Oil closed at its lowest price since April on Tuesday August 2nd, with WTI crude ending the trading day at $39.51 a barrel and Brent at $41.50. WTI fell even a few cents lower intraday on the August 3rd, but then rallied and even traded above the previous day's high. Thursday, was another rally day. Friday, the day of the U.S. Jobs Report. WTI traded slightly lower on the day, but many media reports afterwards ascribed the week's rally to the strong jobs numbers (which should be bullish for oil, but weren't on the day the news was released). WTI rallied again on Monday, but was heading toward major resistance, likely to be reached later in the week. After that, oil would decide its future direction.
Unlike gold and the other precious metals, which have technically entered a long-term bullish trading pattern, oil has yet to do so (the other energy commodities are even weaker). Until this occurs, it is either stuck in a trading range or will fall back into a bear market pattern. For the moment, WTI crude oil should be considered to be in a trading range between $39 to $52. The $39 level is a 50% Fibonacci retracement of the February to June rally from the bottom of approximately $26 and the top of $52. There is an even lower Fibonacci retracement around $36 a barrel and if the price falls below this, oil has to be considered to have become bearish again. So, there is still some leeway on the downside. In the short-term, WTI needs to get and stay above its 200-day moving average around $44. It if can do this, it will confirm it is in a trading range.
In the chart below, the gold line is the 200-day moving average (note that it is heading down, which is bearish) and the top red line is the 50% Fibonacci retracement and the bottom red line is the 61.8% Fibonacci retracement.
September WTI Oil Futures with 200-Day Moving Average and Fibonacci Lines
Fundamentally, from a supply perspective, the future is favorable for oil because there are no significant increases in production on the horizon around current price levels. The U.S. fracking boom is temporarily over because it was made possible by easy and abundant credit. Now that some of these loans have gone bad and more are likely to default, the banks are reluctant to extend additional funds (generally when the banks get burned in loans to an industry, they tighten credit to that industry for years thereafter). Oil prices need to go back above $60 for fracking production to start another climb, but the increase this time around will be much slower than it was previously because the same level of funding won't be there.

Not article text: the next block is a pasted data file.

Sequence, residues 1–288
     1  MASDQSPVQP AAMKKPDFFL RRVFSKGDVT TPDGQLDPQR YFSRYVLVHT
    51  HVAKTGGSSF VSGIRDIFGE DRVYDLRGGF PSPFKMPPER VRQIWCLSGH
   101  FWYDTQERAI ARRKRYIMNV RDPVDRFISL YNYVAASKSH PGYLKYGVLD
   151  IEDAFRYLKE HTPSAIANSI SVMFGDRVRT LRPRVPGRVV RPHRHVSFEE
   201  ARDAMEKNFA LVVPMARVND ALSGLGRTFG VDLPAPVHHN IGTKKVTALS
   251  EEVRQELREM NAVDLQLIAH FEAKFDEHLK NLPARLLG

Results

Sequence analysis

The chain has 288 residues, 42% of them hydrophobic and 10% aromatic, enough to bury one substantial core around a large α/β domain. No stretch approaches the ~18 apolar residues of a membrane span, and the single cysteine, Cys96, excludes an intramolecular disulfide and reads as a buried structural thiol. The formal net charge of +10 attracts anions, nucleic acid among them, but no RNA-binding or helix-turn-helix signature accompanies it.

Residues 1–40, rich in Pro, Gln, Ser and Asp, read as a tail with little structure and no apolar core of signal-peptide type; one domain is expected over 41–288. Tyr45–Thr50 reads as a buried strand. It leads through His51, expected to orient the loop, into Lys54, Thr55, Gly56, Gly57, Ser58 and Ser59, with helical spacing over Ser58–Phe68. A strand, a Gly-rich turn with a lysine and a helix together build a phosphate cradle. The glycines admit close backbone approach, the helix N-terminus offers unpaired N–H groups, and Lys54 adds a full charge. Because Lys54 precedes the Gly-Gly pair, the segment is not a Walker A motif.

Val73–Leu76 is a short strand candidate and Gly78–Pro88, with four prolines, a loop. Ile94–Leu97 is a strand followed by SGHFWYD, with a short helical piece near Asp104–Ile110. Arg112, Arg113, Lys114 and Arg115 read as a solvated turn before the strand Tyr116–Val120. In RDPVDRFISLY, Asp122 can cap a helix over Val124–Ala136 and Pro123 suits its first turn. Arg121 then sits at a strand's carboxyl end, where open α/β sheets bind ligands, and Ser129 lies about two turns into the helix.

Many commentators have focused on a recent rise in rigs as being bearish. This is absurd. The rig count fell over 75% from late 2014 until the spring of 2016. A few extra rigs added to the current very low level won't make any noticeable dent in oil production.
The Middle East isn't going to be adding to supply either. Production from Iran, after sanctions were lifted, came to market must faster than most analysts predicted. The rest of the Middle East had already increased production by around four million barrels per day (bpd) since 2009 and this required bringing some very marginal fields online. For more about this see here and here.
Despite many articles claiming otherwise, global demand for oil is robust and has not been declining. It has actually increased on the average by 1.6 million bpd every year since 2009. Oil demand has only declined three times since 1859 and that was during severe recessionary conditions or when it had reached an extremely high price, neither of which exists today. For more about this, see here.
Investors should take a watch and wait attitude toward oil at the moment. It needs to reestablish its bullishness before it should be purchased or firmly establish it bearishness before it would be advisable to short it. To invest in the commodity itself, investors can use ETFs such as: USO, OIL, DBO, and USL.
Disclosure: I/we have no positions in any stocks mentioned, and no plans to initiate any positions within the next 72 hours.
I wrote this article myself, and it expresses my own opinions. I am not receiving compensation for it (other than from Seeking Alpha). I have no business relationship with any company whose stock is mentioned in this article.